Before therapy, a very high parasite DNA load was detected in lymph node aspirates (23602.83 parasite DNA/ml) and testis biopsy (14406.57 parasite DNA/ml), whereas lower load values were observed in blood and urine samples (321.91 and 779 parasite DNA/ml, respectively). These results confirmed previous data on the comparative analysis of different tissues for CanL diagnosis by conventional or real-time PCR. After 1 month of therapy, a progressive clinical improvement was observed, including a moderate decrease of anti-Leishmania antibody titer together with a strong reduction of Leishmania DNA load in all biological samples. However, the complete elimination of Leishmania DNA was never observed in all tissues. After the therapy, at 1 month follow-up, the cytological evaluation of the testis did not show any inflammatory cell.
This case report confirms that CanL can be associated with testis lesions (orchitis) in naturally infected dogs. The Leishmania amastigotes in the testis apparently act as a causing factor, triggering the inflammatory response. Experimental infection of hamsters with L. donovani resulted in testicular amyloidosis, degeneration, progressive atrophy, and azoospermy. In this experimental model, the degenerative changes were also associated with infiltration of lymphocytes and macrophages containing amastigotes in the testes. In contrast, testicular amyloidosis was not observed in our case and in other studies. In human visceral leishmaniasis, testicular involvement has not been extensively studied, but there is one study reporting amastigotes in macrophages obtained by fine needle aspiration of the testes from a boy with a severe lymphoblastic leukemia.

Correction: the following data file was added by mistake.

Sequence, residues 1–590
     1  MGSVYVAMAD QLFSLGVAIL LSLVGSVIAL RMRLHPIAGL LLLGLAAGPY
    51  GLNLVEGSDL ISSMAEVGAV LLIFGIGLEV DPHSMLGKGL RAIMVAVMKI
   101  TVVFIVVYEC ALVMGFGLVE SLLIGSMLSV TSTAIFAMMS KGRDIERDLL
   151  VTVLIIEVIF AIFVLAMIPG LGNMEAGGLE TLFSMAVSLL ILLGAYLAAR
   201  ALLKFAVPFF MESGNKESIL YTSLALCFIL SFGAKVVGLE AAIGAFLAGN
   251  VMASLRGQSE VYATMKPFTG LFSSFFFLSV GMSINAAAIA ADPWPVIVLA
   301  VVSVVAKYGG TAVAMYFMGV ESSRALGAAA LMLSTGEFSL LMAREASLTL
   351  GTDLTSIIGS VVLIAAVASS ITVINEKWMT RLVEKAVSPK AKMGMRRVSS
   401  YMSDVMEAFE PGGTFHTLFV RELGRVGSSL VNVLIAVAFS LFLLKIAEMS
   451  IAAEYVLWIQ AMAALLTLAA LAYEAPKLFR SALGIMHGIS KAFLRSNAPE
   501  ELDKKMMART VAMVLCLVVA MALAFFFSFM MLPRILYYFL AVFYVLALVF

Genital involvement during visceral leishmaniosis could result in shedding of Leishmania in the semen, favoring venereal transmission of the disease, such as reported in humans. Venereal and vertical transmission of L. infantum in naturally infected dogs in Germany has been reported. Inflammation associated with erosions and/or ulcerations and the presence of amastigotes in the penis and prepuce, as well as the presence of macrophages containing amastigotes migrating through the urethral epithelium might contribute to Leishmania shedding in the semen. Although the biological vector is the most important route of transmission, the possibility of CanL venereal transmission has epidemiological significance, mostly in relation to the implementation of an eradication program. This route of transmission in dogs is particularly relevant in areas where treatment and vaccination of dogs against CanL are frequent, since under those conditions potentially infective dogs may not be readily identified, thus increasing the chance of using these dogs in reproduction, which may favor spread of the disease.
This work was supported by a grant from University of Naples Federico II (Italy).